Friday, October 7

This fall our staff is reading John Ortberg's book, The Life You've Always Wanted. It's a book on spiritual disciplines. It's not quite up to the standard of some of the "classics" on the topic, such as Foster's Celebration of Discipline or Willard's Spirit of the Disciplines, but it is a good, easy to read, and practical book on the topic.
This week we are reading the chapter on prayer. (Interesting parenthetical note: A couple of us have older editions of the book and the rest have a newer addition. Our older editions didn't have a chapter on prayer! How can you have a book on spiritual disciplines and not have a chapter of prayer??? I guess Ortberg caught the irony of that and included a chapter in later editions. They photocopied it for me.) Anyway ...

This week we are reading the chapter on prayer. Of all the spiritual disciplines, this is the one with which I seem to fight the hardest. It is much easier for me to spend time reading the Bible or memorizing Scripture than it is to give regular, focused time to prayer. A couple of things that Ortberg mentioned are giving me a lot to think about. (Maybe I should be writing this in the second-person, so it is about "us" and not about "me". That would make me sound better. Oh well, I've already started ...) Both are actually quotes from Dallas Willard:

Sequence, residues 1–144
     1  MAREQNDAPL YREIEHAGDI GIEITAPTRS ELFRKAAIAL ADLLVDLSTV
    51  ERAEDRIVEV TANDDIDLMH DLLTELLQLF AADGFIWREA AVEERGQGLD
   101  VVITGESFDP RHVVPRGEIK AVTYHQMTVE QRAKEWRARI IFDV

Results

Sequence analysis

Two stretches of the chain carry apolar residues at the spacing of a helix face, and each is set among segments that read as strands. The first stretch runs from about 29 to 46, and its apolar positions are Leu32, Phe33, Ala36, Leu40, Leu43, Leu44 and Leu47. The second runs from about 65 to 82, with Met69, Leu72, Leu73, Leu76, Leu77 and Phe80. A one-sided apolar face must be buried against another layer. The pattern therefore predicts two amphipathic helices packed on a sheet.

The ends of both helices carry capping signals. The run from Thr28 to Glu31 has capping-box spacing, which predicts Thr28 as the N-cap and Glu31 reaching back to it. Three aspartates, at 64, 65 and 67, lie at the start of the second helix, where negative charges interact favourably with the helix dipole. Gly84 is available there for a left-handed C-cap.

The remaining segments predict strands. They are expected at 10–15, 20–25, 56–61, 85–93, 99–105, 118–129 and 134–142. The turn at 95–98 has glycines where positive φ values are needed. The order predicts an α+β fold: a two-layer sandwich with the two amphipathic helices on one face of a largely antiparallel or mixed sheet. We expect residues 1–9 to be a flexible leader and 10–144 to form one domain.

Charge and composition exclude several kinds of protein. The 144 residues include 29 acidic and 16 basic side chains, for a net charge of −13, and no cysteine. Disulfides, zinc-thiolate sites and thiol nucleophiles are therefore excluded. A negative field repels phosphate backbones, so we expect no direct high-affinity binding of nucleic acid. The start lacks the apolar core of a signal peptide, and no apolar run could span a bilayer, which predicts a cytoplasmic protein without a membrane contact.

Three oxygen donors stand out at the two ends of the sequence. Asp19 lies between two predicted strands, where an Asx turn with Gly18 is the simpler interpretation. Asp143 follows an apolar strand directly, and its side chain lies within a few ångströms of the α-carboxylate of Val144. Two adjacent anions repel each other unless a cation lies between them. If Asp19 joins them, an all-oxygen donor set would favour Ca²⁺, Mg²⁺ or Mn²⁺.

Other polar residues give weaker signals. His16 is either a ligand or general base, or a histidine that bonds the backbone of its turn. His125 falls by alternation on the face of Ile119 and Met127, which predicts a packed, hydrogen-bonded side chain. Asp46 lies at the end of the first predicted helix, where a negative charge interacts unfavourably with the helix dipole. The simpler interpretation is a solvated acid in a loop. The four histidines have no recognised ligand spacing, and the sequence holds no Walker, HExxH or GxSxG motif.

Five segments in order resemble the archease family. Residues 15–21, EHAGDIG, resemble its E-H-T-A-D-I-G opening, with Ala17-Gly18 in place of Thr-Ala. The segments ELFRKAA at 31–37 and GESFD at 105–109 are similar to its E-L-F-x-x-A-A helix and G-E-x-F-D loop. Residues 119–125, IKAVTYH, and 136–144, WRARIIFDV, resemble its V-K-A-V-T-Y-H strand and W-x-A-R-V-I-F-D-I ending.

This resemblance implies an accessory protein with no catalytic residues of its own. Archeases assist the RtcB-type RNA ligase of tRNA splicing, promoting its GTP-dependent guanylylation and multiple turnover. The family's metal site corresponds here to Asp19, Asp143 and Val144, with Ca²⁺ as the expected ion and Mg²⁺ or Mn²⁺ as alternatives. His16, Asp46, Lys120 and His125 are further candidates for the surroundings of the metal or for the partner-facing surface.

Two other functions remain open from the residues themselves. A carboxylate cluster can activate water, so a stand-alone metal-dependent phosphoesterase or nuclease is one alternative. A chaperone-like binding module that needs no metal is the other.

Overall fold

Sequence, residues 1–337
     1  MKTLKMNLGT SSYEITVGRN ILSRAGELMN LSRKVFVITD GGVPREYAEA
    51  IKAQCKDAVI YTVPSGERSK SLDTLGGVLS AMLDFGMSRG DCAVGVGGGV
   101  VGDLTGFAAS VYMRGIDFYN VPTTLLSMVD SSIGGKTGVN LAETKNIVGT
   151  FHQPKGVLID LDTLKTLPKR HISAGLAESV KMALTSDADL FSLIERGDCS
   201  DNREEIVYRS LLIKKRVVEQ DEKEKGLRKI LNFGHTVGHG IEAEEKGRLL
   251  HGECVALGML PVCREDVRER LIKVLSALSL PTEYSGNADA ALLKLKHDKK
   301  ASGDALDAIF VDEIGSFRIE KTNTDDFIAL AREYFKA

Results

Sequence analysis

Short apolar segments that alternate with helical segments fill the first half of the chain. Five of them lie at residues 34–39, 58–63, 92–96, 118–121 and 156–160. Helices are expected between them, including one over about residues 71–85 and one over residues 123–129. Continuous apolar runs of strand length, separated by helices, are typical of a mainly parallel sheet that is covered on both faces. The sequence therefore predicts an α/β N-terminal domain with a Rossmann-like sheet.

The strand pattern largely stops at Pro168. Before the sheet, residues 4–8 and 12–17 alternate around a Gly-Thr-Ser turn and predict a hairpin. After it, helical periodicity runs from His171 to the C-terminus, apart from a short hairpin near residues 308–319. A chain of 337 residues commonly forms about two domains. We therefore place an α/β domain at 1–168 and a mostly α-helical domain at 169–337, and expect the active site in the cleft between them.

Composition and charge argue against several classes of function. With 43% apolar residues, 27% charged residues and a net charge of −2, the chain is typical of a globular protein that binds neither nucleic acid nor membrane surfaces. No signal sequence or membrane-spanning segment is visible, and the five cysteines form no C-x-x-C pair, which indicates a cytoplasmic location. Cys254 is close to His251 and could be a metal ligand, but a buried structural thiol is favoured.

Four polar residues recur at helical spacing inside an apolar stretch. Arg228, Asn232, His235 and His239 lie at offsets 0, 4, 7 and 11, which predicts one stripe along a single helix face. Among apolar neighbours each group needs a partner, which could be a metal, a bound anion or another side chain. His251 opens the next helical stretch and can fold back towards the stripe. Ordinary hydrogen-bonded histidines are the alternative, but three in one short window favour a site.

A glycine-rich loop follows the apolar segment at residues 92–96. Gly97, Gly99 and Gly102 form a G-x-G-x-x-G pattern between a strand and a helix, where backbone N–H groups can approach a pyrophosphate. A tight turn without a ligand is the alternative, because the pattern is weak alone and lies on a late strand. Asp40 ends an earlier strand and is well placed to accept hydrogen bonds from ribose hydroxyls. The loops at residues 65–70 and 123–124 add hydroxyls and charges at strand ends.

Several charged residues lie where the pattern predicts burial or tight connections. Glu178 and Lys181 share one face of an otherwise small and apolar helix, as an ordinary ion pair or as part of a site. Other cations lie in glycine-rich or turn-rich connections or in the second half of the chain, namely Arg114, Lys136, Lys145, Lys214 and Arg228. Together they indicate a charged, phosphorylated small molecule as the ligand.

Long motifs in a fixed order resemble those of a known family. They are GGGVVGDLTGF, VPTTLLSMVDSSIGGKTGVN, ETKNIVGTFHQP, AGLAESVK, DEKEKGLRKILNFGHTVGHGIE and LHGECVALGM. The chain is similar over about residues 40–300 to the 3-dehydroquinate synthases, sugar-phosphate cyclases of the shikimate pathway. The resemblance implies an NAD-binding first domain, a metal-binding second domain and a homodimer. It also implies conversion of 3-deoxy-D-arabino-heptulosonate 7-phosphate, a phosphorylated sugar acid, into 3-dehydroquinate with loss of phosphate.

"The idea that everything would happen exactly as it does regardless of whether we pray or not is a specter that haunts the minds of many who sincerely profess belief in God. It makes prayer psychologically impossible, replacing it with dead ritual at best."

Am I convinced that prayer actually changes things? If I am, then it follows that I would find it easier to be more actively engaged in it!

The second is that prayer is "talking with God about what we are doing together." Could it be that I often don't see life as something that God and I are doing together, but more as something that I do and, occasionally, let God be a part of? If I lived with the concept that life is something that God and I are doing together, then following Paul's command to "pray without ceasing" would be much easier.

Thomas Merton once wrote: "We do not want to be beginners. But let us be convinced of the fact that we will never be anything else but beginners all our life!"

The longer I'm a Christian, the more I can see the truth in that statement.

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